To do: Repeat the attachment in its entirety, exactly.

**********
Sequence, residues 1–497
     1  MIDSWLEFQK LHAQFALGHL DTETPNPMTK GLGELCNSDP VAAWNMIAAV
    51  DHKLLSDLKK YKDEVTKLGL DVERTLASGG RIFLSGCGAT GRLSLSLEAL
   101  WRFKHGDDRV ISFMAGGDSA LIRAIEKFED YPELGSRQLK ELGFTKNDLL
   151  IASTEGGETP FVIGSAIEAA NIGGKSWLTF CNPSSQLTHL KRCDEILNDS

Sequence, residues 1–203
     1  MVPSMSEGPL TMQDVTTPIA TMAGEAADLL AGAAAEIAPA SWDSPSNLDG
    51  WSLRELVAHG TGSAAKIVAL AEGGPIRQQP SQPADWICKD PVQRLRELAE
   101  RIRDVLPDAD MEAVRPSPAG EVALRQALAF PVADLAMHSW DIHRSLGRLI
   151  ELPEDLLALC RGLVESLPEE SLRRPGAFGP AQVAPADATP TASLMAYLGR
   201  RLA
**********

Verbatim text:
Sequence, residues 1–497
     1  MIDSWLEFQK LHAQFALGHL DTETPNPMTK GLGELCNSDP VAAWNMIAAV
    51  DHKLLSDLKK YKDEVTKLGL DVERTLASGG RIFLSGCGAT GRLSLSLEAL
   101  WRFKHGDDRV ISFMAGGDSA LIRAIEKFED YPELGSRQLK ELGFTKNDLL
   151  IASTEGGETP FVIGSAIEAA NIGGKSWLTF CNPSSQLTHL KRCDEILNDS

Sequence, residues 1–203
     1  MVPSMSEGPL TMQDVTTPIA TMAGEAADLL AGAAAEIAPA SWDSPSNLDG
    51  WSLRELVAHG TGSAAKIVAL AEGGPIRQQP SQPADWICKD PVQRLRELAE
   101  RIRDVLPDAD MEAVRPSPAG EVALRQALAF PVADLAMHSW DIHRSLGRLI
   151  ELPEDLLALC RGLVESLPEE SLRRPGAFGP AQVAPADATP TASLMAYLGR
   201  RLA